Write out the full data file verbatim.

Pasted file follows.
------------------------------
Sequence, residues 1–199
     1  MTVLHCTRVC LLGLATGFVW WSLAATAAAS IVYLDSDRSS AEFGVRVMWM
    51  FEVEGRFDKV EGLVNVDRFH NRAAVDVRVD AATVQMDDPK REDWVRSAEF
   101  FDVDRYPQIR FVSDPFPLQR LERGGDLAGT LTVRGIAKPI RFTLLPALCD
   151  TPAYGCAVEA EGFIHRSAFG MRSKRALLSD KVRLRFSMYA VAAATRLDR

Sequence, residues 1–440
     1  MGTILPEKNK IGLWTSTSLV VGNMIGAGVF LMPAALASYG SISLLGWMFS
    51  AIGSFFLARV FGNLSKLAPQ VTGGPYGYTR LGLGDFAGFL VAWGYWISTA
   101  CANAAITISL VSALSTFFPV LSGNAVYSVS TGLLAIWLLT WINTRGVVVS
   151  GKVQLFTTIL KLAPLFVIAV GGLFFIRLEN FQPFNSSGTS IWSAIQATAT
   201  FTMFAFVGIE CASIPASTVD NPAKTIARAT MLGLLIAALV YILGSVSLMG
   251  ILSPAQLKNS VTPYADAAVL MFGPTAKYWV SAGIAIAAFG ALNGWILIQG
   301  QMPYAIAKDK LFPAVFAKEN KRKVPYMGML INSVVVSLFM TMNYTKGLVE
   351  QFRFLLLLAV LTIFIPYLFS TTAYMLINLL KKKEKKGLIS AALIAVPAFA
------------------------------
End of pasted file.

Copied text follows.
Sequence, residues 1–199
     1  MTVLHCTRVC LLGLATGFVW WSLAATAAAS IVYLDSDRSS AEFGVRVMWM
    51  FEVEGRFDKV EGLVNVDRFH NRAAVDVRVD AATVQMDDPK REDWVRSAEF
   101  FDVDRYPQIR FVSDPFPLQR LERGGDLAGT LTVRGIAKPI RFTLLPALCD
   151  TPAYGCAVEA EGFIHRSAFG MRSKRALLSD KVRLRFSMYA VAAATRLDR

Sequence, residues 1–440
     1  MGTILPEKNK IGLWTSTSLV VGNMIGAGVF LMPAALASYG SISLLGWMFS
    51  AIGSFFLARV FGNLSKLAPQ VTGGPYGYTR LGLGDFAGFL VAWGYWISTA
   101  CANAAITISL VSALSTFFPV LSGNAVYSVS TGLLAIWLLT WINTRGVVVS
   151  GKVQLFTTIL KLAPLFVIAV GGLFFIRLEN FQPFNSSGTS IWSAIQATAT
   201  FTMFAFVGIE CASIPASTVD NPAKTIARAT MLGLLIAALV YILGSVSLMG
   251  ILSPAQLKNS VTPYADAAVL MFGPTAKYWV SAGIAIAAFG ALNGWILIQG
   301  QMPYAIAKDK LFPAVFAKEN KRKVPYMGML INSVVVSLFM TMNYTKGLVE
   351  QFRFLLLLAV LTIFIPYLFS TTAYMLINLL KKKEKKGLIS AALIAVPAFA